A Message for You

Peace of Mind or Peace with God? 

by PASTOR MARK W. LOVE
St. Peter’s Lutheran Church, Rockford

It is becoming more and more obvious that many of the ears of today are listening for the spiritual but are unable and therefore unwilling to hear the Gospel of salvation in Jesus Christ. What they would call a spiritual quest is in truth an emotional quest—cast in spiritual terms. The contours of both their spiritual struggles and the solution to them are determined purely by subjective feelings and sensations of peace and wellness.

Michael Horton writes in Christless Christianity: “Once you make your peace of mind rather than peace with God the main problem to be solved in your life, the gospel becomes radically redefined,” (p. 39). Where the Gospel is redefined, so also must sin and sinfulness be redefined.

What is forgotten in this quest for peace of mind or sense of wellness is the very captivity of the mind to sin, which is hostile to God (Rom. 8:7; Col. 1:21). If I as a sinner cannot make peace with God, why am I so easily deceived into believing I can make peace with myself? At this point, self has become the almighty I must answer to rather than God the Almighty.

The deeper reality of this deception is that where I have made my own peace of mind or peace within the main issue and purpose of my life, there I have made my sinful self the god to whom I and all others must answer. Having made God in my own image, I must go in search of those preachers and pastors who will shepherd not me, but the things I have done, the things and people around me and what they do so that I may have peace of mind and a happy heart.

Horton describes the sad consequence of this quest. “‘How can I, a sinner, be right with a holy God?’ is simply off the radar… Once the self is enthroned as the source, judge, and goal of all of life, the gospel need not be denied, because it is beside the point,” (p. 40).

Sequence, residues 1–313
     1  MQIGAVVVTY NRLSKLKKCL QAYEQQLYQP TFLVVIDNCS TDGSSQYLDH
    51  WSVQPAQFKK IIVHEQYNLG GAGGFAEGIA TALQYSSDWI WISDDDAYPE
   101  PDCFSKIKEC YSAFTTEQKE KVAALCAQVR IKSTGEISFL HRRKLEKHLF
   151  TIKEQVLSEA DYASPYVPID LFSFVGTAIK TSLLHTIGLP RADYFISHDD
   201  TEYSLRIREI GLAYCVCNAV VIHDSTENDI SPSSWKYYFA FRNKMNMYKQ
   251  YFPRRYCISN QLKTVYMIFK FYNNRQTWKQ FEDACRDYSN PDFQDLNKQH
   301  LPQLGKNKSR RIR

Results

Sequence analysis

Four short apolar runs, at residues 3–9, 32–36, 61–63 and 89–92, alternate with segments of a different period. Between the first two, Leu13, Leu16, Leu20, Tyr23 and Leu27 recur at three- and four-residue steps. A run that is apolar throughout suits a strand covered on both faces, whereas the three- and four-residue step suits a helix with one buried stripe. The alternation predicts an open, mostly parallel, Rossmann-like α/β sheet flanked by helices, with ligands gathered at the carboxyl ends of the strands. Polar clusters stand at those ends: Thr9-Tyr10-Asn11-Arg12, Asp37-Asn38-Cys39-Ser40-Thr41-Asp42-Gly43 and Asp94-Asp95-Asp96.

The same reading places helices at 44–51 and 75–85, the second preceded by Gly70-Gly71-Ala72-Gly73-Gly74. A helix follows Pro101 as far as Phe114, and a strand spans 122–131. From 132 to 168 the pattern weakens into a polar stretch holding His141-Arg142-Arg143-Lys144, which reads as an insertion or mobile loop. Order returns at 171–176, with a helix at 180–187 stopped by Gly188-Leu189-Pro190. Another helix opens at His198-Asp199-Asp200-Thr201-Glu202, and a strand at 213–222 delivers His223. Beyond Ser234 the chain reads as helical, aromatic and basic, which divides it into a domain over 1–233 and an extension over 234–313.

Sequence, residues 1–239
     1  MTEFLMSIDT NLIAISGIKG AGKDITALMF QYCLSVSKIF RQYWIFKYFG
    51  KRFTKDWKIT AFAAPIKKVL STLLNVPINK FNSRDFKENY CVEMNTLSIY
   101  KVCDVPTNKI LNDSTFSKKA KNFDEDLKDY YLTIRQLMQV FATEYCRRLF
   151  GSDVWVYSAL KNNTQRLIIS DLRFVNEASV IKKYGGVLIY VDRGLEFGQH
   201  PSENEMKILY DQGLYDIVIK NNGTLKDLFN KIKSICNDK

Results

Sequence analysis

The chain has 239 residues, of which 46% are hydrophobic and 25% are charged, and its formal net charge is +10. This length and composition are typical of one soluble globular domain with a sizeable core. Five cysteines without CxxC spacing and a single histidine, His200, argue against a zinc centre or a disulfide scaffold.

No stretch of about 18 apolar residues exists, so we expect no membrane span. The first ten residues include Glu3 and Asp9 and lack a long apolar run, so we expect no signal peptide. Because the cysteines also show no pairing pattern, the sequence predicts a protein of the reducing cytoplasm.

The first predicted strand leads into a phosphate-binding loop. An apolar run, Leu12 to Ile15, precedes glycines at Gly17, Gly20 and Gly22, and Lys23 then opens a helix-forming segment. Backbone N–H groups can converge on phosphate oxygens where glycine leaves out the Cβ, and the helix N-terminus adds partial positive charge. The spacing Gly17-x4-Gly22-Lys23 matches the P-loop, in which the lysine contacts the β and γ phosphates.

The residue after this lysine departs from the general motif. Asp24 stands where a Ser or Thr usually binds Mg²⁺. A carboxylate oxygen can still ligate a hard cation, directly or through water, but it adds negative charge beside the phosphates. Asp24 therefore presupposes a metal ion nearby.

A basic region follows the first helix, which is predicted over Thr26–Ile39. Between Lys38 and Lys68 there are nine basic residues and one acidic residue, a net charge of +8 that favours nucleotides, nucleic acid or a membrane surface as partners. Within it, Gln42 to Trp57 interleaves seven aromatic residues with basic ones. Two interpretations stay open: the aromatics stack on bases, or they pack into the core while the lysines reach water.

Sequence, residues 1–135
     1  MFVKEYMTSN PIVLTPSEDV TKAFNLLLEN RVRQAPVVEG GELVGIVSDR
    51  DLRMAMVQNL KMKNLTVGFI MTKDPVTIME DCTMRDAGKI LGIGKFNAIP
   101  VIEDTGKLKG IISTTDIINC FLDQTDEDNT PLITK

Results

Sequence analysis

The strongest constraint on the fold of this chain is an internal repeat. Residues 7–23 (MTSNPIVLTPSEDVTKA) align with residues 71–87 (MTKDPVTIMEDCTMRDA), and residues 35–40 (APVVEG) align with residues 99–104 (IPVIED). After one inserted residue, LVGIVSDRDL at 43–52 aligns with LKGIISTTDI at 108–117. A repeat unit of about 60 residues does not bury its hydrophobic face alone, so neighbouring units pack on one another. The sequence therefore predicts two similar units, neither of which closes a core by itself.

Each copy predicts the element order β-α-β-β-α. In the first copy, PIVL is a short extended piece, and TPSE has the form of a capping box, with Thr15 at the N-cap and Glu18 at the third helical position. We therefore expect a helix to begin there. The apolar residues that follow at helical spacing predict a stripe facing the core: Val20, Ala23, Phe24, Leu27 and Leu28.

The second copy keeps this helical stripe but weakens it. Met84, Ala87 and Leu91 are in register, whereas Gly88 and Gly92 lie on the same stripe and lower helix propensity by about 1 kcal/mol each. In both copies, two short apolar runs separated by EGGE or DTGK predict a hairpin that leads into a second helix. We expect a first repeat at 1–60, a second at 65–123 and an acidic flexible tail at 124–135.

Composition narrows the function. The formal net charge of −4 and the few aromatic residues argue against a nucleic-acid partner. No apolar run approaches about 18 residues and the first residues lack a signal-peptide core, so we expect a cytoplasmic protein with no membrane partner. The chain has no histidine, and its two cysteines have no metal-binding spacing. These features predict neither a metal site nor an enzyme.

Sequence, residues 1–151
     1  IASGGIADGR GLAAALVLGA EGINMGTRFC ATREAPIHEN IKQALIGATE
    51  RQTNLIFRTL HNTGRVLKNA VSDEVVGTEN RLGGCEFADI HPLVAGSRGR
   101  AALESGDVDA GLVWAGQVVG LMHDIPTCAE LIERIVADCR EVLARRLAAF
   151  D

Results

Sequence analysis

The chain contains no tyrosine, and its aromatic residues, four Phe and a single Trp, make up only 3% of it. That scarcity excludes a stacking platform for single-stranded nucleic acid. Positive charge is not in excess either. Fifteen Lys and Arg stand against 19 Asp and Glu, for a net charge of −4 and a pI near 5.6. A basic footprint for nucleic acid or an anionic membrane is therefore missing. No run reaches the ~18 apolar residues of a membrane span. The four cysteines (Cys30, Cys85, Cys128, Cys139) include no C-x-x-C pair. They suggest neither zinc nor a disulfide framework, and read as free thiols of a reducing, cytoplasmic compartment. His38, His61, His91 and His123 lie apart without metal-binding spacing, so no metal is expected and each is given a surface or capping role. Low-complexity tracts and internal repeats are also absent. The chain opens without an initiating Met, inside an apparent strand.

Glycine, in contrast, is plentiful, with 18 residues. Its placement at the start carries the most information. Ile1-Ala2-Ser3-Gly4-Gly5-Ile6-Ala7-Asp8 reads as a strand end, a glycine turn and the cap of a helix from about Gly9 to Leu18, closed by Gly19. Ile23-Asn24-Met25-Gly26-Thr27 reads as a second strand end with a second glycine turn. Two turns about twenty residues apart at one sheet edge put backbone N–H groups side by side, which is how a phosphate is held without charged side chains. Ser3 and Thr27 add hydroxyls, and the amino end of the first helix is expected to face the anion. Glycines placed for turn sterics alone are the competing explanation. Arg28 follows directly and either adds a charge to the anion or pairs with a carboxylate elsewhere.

How gloriously merciful our Lord is in that He makes us new creations born not of our wills, our works or ourselves but born of God in Jesus Christ (John 1:12-13; 2 Cor. 5:17). We are reborn in peace by, and therefore with, Almighty God.

As we have been set free from making peace with God through Jesus Christ our Lord, we are equally set free from making peace with ourselves. Inasmuch as the Lord Jesus Christ has made full and glorious peace for me with the true God through His passion, death and resurrection, He also gives me His peace in the midst of the hostility of my sinful self, because it has been crucified with Christ.

Our Lord does not call us to make peace with ourselves, but to simply “let the peace of Christ rule in your hearts,” (Col. 3:15).

May constant and unyielding love of our Savior Jesus Christ expressed through His living and enduring Word bless you with “the peace of God, which surpasses all understanding,” which “will guard your hearts and your minds in Christ Jesus,” Philippians 4:7.

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